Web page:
furniture photos here). I knocked out twelve box cushion and pillow covers in about a week...which may not sound that fast...but for me, that was about every moment of time I had to myself that week. I did, however, discover how simple it is to make an envelope-closure pillow cover. No zippers, nothing fancy, just accurate measuring, some ironing and pinning, and sewing four straight seams. There are a number of little variations on this technique that I'll be sharing in the coming weeks - tomorrow I'll show you how I adapted it to work for box cushions - and I have several yards of fabric both in hand and on order to spruce up the pillows in a bunch of rooms in my house.
But today, I take you to our home office. Well, sort of. It's a bit of a disaster right now and waiting for some much-needed cleaning and organization attention, so all focus will be on this particular little bench under one of the windows and the jazzing up of its two accent pillows.
The office used to be occupied almost exclusively by Scott when he worked from home, but those work-at-home days have gotten sparer since our girls got old enough to walk and talk and pound on the closed door and scream, "Daddy!! I want to work too!" And since I am now the one who works from home and uses the office most often, I have (somewhat) subconsciously started to feminize it. Today's pillow makeover definitely takes another drop of masculine out of the room. But who says a home office has to be akin to a man cave anyway? Not I.
I actually purchased the ikat fabric I used here as a possibility for accent pillows on the upholstered bench in the kitchen, but it just wasn't working for me. And then I realized that the dusty aqua shade was just the same as an upholstered chair we have in the office. And the taupe in the pattern was a perfect match for the little bench. There was nothing wrong with the pillow covers that were there...they were just a little "blah." And the aqua ikat fabric was so pretty.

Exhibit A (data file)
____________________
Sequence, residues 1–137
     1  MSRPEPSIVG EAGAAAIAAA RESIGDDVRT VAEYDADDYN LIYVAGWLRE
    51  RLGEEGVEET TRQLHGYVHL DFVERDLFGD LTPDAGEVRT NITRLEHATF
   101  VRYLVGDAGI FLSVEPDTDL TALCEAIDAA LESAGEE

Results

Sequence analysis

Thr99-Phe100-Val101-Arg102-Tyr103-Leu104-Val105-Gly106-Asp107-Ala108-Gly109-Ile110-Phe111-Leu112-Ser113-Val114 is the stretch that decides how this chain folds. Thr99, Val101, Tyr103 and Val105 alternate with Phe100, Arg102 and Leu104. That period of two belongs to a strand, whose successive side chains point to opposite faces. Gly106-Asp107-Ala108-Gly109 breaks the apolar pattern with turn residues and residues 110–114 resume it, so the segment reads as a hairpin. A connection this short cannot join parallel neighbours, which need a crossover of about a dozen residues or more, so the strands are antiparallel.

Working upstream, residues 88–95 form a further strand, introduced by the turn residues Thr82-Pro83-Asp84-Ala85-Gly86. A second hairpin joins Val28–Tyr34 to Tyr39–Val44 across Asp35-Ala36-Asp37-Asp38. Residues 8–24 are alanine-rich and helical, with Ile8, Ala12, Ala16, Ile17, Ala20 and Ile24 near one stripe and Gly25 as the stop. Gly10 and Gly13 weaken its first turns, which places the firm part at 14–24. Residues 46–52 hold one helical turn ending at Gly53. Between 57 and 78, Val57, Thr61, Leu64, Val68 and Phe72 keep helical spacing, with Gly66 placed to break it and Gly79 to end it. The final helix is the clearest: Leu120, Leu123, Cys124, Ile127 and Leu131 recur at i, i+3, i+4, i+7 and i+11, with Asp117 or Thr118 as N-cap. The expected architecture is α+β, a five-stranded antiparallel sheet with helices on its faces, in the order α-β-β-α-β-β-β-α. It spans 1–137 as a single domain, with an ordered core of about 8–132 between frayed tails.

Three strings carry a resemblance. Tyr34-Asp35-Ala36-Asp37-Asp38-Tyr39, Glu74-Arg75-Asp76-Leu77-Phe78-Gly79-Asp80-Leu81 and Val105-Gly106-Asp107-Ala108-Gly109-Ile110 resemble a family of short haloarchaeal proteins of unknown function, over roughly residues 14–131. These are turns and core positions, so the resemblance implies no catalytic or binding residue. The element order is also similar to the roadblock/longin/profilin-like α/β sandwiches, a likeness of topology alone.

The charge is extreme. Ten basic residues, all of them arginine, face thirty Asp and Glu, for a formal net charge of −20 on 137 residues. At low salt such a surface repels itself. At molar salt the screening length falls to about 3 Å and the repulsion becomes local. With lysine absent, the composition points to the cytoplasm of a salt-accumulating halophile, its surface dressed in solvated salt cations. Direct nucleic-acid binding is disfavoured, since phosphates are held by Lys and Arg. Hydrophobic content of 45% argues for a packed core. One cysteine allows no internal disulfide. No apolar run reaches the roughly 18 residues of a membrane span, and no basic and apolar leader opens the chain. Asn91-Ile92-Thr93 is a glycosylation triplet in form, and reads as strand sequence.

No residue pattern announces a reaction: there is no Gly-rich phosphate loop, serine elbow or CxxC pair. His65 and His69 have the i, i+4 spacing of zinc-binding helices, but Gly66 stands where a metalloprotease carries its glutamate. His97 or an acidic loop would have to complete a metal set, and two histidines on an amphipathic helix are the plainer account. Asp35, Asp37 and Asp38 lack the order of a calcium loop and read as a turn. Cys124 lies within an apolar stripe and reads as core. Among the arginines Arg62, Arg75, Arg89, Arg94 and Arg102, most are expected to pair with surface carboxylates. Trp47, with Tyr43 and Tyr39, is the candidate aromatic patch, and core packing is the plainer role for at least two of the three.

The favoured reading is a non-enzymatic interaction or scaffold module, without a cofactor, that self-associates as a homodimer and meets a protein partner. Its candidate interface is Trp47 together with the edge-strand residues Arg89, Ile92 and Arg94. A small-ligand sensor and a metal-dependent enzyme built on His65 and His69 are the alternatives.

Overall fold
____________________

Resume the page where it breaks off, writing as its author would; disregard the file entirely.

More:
Special skills you will need here are the ability to use a ruler (if you have a cutting mat, even better. I do not and used a flexible measuring tape and T-square), operate scissors, iron fabric, insert pins, and sew a straight line. That's pretty much it. Read on for more specific steps, and happy mini-makeover-ing!
Simple Envelope-Closure Pillow CoverTo determine the amount of fabric you need to cut, follow this simple formula: take the width of your pillow and add 2". Then take the length of your pillow, double it, and add 8". So for the 18" square pillows I made here, the fabric sizes I cut were 20"(18"+ 2) x 44" (18"+ 18"+ 8).
If you are using a patterned fabric like I am here, there is some finesse to figuring out the placement of the pattern. You want the pattern to be generally centered on the pillow and if you are making matching pillows, well, you want them to pretty well match. You also need to be sure that all measurements are square (this is why I used the T-square). If you have any questions about these details, please do leave a comment and I'll do my best to clarify! If your fabric is a solid color, no pattern attention is needed, just cut it straight and square and you are all set. Now, onward...
Iron 1" down at the top of one of the long sides. A useful little tool you can make for yourself (picked this idea up on marthastewart.com) is a piece of cardstock with a straight line drawn 1" down from the top. Then you just fold your fabric over to meet the line and iron right on top of the cardstock. Make sure your fabric is upside down on the ironing board at this point.
Then fold over again and iron another 1" down. Repeat at the other long side of the fabric.
Fold half the length of the pillow + 4" (in this case 9"+ 4, so 13") and press the seam with your iron. Make sure the edges line up. Then fold half the length of the pillow (9") from the other side and press that seam. You should now have something like this:
Note that the fabric is still inside out - very important or your finished product will not have the patterned side of the fabric facing out!
Open up the fabric and sew a straight seam down each of the folded edges (where you ironed 1" and then folded and ironed another 1").
Fold the fabric back along your ironed seams now and pin in place along the edges, making sure the edges line up with each other. Draw a line 1" in from each open side.
Sew a straight seam along each of the lines you have drawn. Trim loose threads, then flip your covers rightside out. I like to iron the previously ironed seams out of the finished cover. The cover on the left below shows the back side of the pillow with the envelope closure, and the one on the right shows the front of the pillow.
After you have ironed the covers, slip a pillow form inside, and voila! New pillows! And in my case, a prettified little window seat.